OKLAHOMA CITY -- Oklahoma has become the latest state to have a deadline for a deregulated electrical industry.
The state legislature here has approved a bill that would open up Oklahoma's electrical power industry to free-market competition by the year 2002, a move that could save supermarkets an estimated 20% to 30% on their utility costs.
Oklahoma joins California, New Mexico, Pennsylvania, Maine and Rhode Island in having a deadline for deregulation.
Six states -- Washington, Idaho, Illinois, New York, New Hampshire and Massachusetts -- have launched pilot programs to test competitive services, and there are several measures before Congress that would deregulate the $2 billion industry at the federal level.
The Oklahoma bill cleared the state House earlier this month, and was passed last week by the state Senate. The bill is now before Gov. Frank Keating, who is expected to sign it into law. The Electric Restructuring Act of 1997 would require the Oklahoma Corporation Commission to initiate studies into competition issues over the next few years and set a July 1, 2002 deadline for deregulation.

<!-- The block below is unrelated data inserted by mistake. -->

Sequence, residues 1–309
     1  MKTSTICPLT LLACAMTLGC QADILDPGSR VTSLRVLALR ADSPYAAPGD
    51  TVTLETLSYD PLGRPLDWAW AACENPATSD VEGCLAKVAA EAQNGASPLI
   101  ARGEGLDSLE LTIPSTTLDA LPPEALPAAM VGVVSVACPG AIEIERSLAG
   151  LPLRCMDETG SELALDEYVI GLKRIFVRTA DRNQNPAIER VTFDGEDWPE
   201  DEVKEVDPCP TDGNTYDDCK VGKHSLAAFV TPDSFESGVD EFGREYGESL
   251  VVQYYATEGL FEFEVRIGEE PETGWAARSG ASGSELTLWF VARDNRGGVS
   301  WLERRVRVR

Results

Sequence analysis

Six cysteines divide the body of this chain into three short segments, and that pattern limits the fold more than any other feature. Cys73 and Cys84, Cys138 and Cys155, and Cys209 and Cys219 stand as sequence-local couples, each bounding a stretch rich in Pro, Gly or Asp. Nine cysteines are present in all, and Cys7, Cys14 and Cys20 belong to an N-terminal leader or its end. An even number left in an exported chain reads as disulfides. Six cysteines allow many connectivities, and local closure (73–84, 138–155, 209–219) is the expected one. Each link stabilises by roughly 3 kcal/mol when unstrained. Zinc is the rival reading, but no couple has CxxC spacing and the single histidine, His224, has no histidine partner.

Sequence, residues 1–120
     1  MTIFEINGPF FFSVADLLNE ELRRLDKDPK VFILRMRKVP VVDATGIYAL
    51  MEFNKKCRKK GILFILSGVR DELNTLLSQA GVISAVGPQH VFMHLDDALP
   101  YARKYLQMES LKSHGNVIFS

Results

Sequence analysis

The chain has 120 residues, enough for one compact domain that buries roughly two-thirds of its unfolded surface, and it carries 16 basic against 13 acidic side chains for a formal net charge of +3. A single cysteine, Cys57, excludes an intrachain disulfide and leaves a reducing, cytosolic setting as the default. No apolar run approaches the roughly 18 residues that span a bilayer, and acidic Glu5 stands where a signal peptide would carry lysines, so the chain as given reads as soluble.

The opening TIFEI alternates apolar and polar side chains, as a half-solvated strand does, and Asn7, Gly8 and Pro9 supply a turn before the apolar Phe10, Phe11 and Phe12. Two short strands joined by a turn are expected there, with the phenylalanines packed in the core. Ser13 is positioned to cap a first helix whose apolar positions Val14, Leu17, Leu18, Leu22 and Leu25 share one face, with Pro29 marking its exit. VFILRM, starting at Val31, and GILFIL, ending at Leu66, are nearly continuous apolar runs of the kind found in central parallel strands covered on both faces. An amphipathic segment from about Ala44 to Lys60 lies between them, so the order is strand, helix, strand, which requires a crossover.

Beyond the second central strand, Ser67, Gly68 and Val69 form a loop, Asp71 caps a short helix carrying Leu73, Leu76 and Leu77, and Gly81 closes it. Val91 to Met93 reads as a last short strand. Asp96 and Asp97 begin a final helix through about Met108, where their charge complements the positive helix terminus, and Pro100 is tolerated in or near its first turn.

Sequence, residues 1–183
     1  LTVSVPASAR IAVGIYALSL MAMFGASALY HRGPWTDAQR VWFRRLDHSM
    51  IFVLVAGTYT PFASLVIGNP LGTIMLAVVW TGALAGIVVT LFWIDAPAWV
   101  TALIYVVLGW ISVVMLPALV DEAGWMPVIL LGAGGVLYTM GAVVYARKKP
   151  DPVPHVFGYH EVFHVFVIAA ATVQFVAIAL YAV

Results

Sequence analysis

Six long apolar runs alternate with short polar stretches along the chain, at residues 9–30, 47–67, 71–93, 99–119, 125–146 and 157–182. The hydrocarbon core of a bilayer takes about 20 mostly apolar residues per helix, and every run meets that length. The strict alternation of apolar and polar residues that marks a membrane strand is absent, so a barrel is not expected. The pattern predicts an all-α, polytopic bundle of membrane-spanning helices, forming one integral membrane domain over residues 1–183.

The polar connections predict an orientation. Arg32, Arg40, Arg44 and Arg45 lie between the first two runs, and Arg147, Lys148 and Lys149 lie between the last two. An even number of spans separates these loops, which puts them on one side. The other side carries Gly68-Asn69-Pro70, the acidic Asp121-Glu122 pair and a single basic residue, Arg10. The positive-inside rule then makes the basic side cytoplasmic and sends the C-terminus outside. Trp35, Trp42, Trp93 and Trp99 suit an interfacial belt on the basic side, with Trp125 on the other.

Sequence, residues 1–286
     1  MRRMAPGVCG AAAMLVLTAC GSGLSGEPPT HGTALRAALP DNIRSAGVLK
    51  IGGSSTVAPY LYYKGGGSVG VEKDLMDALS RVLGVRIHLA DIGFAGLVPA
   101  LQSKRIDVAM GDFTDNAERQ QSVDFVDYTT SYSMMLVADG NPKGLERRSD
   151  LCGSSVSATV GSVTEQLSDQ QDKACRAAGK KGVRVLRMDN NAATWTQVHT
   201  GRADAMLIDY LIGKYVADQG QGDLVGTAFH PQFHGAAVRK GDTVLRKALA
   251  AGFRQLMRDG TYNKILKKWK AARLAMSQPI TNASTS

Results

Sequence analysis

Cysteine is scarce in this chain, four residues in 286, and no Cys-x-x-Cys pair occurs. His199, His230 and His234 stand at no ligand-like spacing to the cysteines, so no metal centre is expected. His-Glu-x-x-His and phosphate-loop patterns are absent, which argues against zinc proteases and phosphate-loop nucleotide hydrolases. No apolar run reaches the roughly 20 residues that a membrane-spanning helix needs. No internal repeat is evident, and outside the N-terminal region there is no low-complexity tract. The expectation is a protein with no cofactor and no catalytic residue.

Ron Frost, a spokesman for Fleming Cos. here, applauded the passage of the bill.
"The only disappointment was that we thought it was too long until deregulation came in," he said. Frost predicted that legislation would be introduced next year that would move up the deadline to 1999 or 2000, instead of 2002.
Fleming's two Oklahoma distribution centers spend a combined $1 million on electricity, Frost said. With the electrical industry deregulated, the company could save 20% to 30% on its utility bills.
The typical supermarket in Oklahoma spends $88,000 per year on electricity, Frost said; larger-format supermarkets spend up to $140,000 a year on power. Under deregulation, stores could save $30,000 to $40,000 a year on electricity, Frost said.
Currently, electric utilities are granted monopoly service territories by states in exchange for price and service regulation. Under this structure, all but the largest industrial and municipal customers are prohibited from selecting their electricity provider.
However, in a competitive situation, utility customers could choose from a number of service providers. Customers could also band together to form "aggregate groups" to buy larger amounts of power at bulk rates. Under this system, a supermarket chain or a group of independents could buy power at the same rates as large, industrial customers.
The Food Marketing Institute, Washington, also supports deregulating the electrical power industry.
In 1996, 47 states considered legislation or regulations related to electrical restructuring. At the federal level, a bill introduced by Rep. Dan Schaefer, R-Colo., would require all states to allow customers to choose their own electrical service providers.